The growth response of selected Zambian hardwood species to changing climatic conditions
Thesis (PhDFor)--Stellenbosch University, 2019.
ENGLISH ABSTRACT: Factors such as precipitation and temperature are key to the growth of trees. The expected change in growing conditions, i.e. rise in temperature and reduction in precipitation will influence tree growth, wood structure and on wood quality. Due to lack of instrumental data, little is known about how Miombo trees growing in Zambian Miombo woodlands have responded to climate change. The objective of this study was to examine the extent to which climate variables related to water availability and temperature during cambial periods shape wood anatomical properties of three hardwood species growing in Miombo woodlands in Zambia, namely Brachystegia spiciformis, Burkea africana, and Isoberlinia angolensis. The species were selected based on value, distribution across the climate zones, dendrochronological potential, and relative ease of coring. To understand how Miombo trees growing in Zambia have responded to climate change, the ring structure and wood anatomical properties were related to known extreme climatic events. Sample materials, in the form of increment cores, were collected from areas differing in water availability. From the three climate zones, sites with climate data were selected and their aridity determined based on mean annual precipitation and mean annual temperature using De Martonne’s Index. At each site, 15-20 living trees were selected for sampling. For each tree, diameter at breast height (1.3 m), total height, bole height, and crown diameter were measured, after which two increment cores were then obtained from breast height at 90° and 180° to the wind direction. After collection, the cores were labelled to indicate site name, species, tree number, and core number for ease of identification in the lab and then placed in a core holder. In the lab, the cores were prepared for ring measurement and analysis using standard dendrochronological procedures after drying. The cores were then placed on a wooden mount and their ring structure studied under a microscope attached to a computer with ring measurement and analysis software. For wood anatomical studies, a Nano-CT scanner was used to obtain images from prepared cross sections representing wood formed during dry and very wet years. To compare the growth response of each species to different sites, ring structure was studied. Ring analysis revealed that mean sensitivity negatively correlated very well with mean annual precipitation. For all the species, sensitivity was significantly different between dry and wet sites. Sensitivity was high on the drier sites while complacent growth occurred on the wetter sites. In all the species, about 20% of the ring width variance could be explained by precipitation, but growth was unresponsive to temperature. The second part of the study looked at how the trees responded to extreme climate events. Each of the species was looked at separately. In all the species, data analysis revealed statistically significant (p<0.05) differences in fibre and vessel characteristics between those formed during wet and dry years, and those from dry and wet sites. Studies on effect of ring width on density revealed that, typical of diffuse-porous woods, density was independent of ring width. Fit functions developed from models based on projected values of precipitation under climate change scenario RCP8.5 revealed that cell wall thickness, which will increase by an average of +10.6 µm in all the species, will have the biggest influence on wood density. Wood quality will therefore change because of climate change. The study proved that in the absence of long-term data measured across the climate zones on the same trees, tree-ring studies can provide answers to questions on how particular trees react to adverse effects of climate change.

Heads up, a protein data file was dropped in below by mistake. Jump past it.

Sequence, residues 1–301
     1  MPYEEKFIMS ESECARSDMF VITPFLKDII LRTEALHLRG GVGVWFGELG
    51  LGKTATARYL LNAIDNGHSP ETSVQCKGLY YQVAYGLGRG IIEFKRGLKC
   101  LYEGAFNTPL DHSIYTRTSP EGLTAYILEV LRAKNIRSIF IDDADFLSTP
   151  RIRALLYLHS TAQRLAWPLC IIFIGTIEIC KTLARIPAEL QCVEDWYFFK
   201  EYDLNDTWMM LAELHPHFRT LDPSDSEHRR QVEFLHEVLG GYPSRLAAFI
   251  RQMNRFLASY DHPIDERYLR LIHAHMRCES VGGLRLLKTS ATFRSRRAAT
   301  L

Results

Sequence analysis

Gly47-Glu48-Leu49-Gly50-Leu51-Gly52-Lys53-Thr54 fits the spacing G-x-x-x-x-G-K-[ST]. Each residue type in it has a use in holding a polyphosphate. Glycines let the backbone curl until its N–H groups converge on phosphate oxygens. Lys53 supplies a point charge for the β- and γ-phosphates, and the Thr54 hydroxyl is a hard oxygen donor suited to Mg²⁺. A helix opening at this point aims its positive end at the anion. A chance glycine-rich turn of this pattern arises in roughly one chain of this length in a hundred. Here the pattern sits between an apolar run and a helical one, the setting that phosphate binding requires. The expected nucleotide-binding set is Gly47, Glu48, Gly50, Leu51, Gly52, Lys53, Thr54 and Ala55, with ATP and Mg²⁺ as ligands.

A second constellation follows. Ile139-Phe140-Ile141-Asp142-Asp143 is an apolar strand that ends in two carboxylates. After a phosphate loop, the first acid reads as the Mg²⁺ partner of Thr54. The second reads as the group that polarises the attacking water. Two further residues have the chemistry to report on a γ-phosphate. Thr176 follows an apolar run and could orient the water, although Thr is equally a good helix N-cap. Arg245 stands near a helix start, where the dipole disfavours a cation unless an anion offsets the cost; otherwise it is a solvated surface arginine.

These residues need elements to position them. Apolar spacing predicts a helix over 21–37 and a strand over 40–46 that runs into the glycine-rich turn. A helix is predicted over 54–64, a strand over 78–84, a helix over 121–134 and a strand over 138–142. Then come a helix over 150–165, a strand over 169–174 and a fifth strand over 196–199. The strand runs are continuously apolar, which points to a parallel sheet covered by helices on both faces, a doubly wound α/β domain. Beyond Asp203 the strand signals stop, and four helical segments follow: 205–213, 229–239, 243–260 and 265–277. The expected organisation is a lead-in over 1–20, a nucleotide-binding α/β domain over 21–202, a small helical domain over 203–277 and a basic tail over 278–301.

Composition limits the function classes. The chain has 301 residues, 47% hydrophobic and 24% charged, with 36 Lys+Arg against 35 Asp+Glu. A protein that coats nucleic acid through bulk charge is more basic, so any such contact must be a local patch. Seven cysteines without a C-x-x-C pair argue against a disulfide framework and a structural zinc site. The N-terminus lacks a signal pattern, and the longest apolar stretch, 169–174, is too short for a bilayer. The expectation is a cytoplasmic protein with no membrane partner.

AFRIKAANSE OPSOMMING: Faktore soos reënval en temperatuur is die sleutel tot die groei van bome. Die verwagte verandering in groeitoestande, as gevolg van klimaatsverandering, d.w.s. styging in temperatuur en vermindering in reënval, sal boomgroei, houtstruktuur en houtkwaliteit beïnvloed. Dit is onseker hoe Miombo-bome wat in die Zambiese Miombo-woude groei, sal reageer op hierdie klimaatsverandering. Die doel van hierdie studie was om te ondersoek in watter mate die klimaatsveranderlikes die houtanatomiese eienskappe van drie loofhoutsoorte wat in Miombo-boslande in Zambië groei, naamlik Brachystegia spiciformis, Burkea africana en Isoberlinia angolensis, beïnvloed. Die spesies is gekies op grond van waarde, verspreiding oor die klimaatsones, dendrochronologiese potensiaal en relatiewe gemak van inkrement-boring. Steekproefmateriaal, in die vorm van inkrementboorsels is versamel van gebiede wat verskil in die beskikbaarheid van water. Van die drie klimaatsones is terreine met klimaatdata gekies en hulle droogheid is bepaal op grond van gemiddelde jaarlikse reënval en gemiddelde jaarlikse temperatuur met behulp van De Martonne se Indeks. Van elke terrein is 15-20 bome gekies vir steekproefneming. Ringstruktuur is bestudeer om die groeireaksie van elke spesie op verskillende terreine te vergelyk. Ringanalise het getoon dat gemiddelde sensitiwiteit negatief korreleer met gemiddelde jaarlikse neerslag. Vir al die spesies was sensitiwiteit aansienlik verskillend tussen droë en nat plekke. Sensitiwiteit was hoog op die droër terreine, terwyl selfbewuste groei op die natter terreine plaasgevind het. Vir al die spesies kon ongeveer 20% van die ringwydte-variasie verklaar word deur reënval - en groei het nie op temperatuur reageer nie. Tipies vir diffeus-poreuse hout, was digtheid onafhanklik van ringwydte. In die tweede deel van die studie is die reaksie op uiterste klimaatgebeure geanaliseer. Vir elke spesie en terrein is een uiters nat en droë jaar gekies vir houtanatomiese studies. Vir alle spesies was verskille in vesel- en seleienskappe tussen dié wat gedurende nat en droë jare gevorm is, en dié van droë en nat plekke, statisties beduidend. Fit funksies ontwikkel uit modelle gebaseer op geprojekteerde waardes van neerslag onder klimaatsverandering scenario RCP8.5 het getoon dat die selwand dikte, wat met 'n gemiddeld van +10.6 μm in al die spesies sal styg, met die grootste invloed op houtdigtheid het. Houtkwaliteit sal dus verander as gevolg van klimaatsverandering.